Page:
Firms, Not Brokers, Faulted on Auction-Rates
Wall Street Journal
Despite the anger harbored by Main Street investors toward brokers who sold them auction-rate securities, some of the people trying to protect consumers say individual brokers may not be to blame.
Instead, some regulators and investors’ lawyers argue, brokerage firms are responsible. The firms had a bird’s-eye view of the now-frozen auction-rate securities market and should have foreseen the failure, they believe.
Also, some say, it is reasonable to expect brokers to rely on their firms’ descriptions of products; they aren’t obligated to research an investment if their firms had explained it to them.
“The brokerage firms bear the responsibility, and they know it,” says Phil Aidikoff, a Beverly Hills, Calif., lawyer who is former president of the Public Investors Arbitration Bar Association. “I don’t think the industry representatives understood the risk. I think [they] simply told customers what they were told by the firm.”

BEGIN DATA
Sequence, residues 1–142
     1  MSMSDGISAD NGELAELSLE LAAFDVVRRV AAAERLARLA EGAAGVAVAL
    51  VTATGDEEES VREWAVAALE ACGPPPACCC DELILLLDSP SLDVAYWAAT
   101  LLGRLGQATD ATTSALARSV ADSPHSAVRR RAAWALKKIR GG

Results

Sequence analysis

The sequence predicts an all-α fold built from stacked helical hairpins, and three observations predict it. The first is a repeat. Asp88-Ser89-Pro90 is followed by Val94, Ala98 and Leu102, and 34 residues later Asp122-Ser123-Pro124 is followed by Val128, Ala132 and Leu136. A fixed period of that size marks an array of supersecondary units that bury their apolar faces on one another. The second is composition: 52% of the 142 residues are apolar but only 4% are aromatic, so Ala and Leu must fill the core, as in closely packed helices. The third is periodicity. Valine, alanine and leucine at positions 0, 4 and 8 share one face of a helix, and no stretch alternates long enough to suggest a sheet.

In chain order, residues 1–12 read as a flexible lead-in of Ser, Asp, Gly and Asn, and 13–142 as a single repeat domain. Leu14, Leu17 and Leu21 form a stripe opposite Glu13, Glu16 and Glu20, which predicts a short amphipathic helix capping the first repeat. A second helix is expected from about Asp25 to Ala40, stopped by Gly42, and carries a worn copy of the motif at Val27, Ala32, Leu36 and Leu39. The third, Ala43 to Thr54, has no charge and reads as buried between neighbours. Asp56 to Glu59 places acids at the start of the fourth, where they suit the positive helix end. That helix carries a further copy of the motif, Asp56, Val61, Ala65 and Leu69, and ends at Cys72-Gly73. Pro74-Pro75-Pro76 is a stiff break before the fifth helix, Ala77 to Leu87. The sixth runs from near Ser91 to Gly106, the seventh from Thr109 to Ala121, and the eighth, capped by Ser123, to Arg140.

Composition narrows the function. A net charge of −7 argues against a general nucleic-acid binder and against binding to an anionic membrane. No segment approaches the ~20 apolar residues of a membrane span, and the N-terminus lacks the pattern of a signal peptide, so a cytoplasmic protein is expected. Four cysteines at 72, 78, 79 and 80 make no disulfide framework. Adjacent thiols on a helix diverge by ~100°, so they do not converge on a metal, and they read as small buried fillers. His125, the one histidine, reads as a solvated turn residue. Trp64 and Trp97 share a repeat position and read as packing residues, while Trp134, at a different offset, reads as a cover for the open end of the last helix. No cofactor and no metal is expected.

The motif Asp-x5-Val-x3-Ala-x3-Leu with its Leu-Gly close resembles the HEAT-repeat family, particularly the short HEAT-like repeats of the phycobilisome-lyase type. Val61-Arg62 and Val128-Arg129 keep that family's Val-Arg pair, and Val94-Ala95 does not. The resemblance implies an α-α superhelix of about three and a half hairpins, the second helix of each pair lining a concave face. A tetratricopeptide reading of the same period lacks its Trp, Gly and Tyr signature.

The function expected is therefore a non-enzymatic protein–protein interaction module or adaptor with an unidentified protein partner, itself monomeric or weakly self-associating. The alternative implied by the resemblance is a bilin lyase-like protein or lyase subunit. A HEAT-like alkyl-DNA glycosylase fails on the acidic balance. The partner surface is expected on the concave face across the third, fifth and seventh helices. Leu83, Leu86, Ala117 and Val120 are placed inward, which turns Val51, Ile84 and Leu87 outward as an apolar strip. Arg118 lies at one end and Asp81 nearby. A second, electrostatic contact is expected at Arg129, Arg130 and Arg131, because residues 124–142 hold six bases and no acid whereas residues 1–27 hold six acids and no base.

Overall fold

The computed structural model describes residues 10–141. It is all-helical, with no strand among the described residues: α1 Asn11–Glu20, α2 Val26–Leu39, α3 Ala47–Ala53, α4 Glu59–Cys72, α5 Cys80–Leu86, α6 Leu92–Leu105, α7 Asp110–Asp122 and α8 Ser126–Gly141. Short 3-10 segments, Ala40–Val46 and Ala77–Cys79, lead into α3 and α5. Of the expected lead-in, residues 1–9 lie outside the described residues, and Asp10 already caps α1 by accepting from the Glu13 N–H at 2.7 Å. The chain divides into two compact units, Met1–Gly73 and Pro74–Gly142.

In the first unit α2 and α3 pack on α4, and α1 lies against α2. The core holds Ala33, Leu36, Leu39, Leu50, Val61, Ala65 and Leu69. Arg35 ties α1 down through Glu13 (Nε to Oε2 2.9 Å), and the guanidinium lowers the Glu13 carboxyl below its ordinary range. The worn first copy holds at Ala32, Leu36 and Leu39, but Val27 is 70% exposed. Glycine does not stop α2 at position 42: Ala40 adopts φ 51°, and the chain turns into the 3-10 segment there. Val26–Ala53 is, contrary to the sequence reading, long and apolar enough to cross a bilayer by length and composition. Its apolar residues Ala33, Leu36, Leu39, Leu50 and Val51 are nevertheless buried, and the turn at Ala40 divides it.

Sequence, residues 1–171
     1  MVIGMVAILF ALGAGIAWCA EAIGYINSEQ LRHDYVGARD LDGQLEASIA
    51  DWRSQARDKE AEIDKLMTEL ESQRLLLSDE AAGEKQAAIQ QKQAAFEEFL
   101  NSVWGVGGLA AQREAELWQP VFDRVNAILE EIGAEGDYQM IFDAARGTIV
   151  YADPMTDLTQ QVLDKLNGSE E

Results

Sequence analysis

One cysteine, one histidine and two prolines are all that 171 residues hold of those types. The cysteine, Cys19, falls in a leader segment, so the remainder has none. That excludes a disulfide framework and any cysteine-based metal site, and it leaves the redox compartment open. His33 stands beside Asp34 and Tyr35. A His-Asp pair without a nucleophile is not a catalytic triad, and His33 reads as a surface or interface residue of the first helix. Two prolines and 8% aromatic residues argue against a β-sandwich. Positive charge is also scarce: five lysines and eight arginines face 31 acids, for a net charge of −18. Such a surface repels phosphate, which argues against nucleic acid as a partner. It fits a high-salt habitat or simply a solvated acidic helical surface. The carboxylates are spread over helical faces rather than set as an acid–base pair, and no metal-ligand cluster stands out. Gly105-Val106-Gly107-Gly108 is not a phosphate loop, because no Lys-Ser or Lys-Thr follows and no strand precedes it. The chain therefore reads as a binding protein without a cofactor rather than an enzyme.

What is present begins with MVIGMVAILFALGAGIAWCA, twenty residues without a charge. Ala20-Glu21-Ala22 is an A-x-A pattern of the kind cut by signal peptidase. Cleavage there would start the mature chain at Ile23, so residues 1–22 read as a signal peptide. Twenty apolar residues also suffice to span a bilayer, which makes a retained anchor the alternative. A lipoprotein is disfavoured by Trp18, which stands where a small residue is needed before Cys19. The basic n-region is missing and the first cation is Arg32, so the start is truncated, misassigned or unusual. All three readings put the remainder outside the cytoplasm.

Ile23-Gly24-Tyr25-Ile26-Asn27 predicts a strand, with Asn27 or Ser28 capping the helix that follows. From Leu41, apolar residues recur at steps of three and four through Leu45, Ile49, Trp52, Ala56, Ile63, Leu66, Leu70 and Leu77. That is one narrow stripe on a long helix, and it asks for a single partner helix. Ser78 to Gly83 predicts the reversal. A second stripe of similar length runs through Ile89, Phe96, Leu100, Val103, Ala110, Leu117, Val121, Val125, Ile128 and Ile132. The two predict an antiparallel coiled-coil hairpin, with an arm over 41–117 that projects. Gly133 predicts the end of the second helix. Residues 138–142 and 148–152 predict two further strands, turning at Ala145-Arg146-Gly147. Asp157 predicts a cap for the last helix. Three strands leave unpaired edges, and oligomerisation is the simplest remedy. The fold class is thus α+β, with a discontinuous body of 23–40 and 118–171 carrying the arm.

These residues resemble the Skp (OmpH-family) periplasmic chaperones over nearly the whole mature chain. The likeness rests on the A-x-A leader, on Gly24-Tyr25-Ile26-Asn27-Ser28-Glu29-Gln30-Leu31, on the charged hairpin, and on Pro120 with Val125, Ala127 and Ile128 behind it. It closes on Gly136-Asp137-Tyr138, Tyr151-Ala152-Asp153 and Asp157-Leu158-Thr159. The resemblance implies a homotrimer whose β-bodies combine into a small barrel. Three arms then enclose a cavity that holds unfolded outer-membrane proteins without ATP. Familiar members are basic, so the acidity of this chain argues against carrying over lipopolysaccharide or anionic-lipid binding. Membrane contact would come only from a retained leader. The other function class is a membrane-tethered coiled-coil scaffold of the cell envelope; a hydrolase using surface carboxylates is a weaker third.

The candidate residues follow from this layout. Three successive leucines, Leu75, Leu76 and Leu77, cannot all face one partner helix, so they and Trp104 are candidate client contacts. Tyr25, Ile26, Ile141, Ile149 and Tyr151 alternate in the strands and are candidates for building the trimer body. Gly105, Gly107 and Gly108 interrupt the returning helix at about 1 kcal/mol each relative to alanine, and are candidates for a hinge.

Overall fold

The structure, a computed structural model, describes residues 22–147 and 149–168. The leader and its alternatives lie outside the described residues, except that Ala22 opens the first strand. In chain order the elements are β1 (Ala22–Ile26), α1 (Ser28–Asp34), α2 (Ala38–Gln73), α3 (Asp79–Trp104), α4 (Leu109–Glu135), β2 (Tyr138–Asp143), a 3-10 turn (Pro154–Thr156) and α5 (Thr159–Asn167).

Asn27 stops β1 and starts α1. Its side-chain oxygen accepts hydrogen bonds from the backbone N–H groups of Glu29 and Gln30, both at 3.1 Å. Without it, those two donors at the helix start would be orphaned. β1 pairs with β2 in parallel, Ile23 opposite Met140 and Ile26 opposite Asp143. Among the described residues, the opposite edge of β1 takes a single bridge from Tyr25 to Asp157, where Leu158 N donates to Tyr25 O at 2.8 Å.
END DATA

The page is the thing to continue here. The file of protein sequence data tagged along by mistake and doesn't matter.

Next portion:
Even if brokers are legally blameless, their reputations may be tarnished. As the business attempts to shift to a more-relationship-based model, many investors are disappointed that their financial advisers were caught off guard by the collapse of the auction market.
The market was estimated at $330 billion, held by individuals and institutions, when it collapsed in February. Many individual investors say they received no disclosure of risks when they purchased these products. Brokers never gave them prospectuses to read, they say, and they were never told auctions could fail.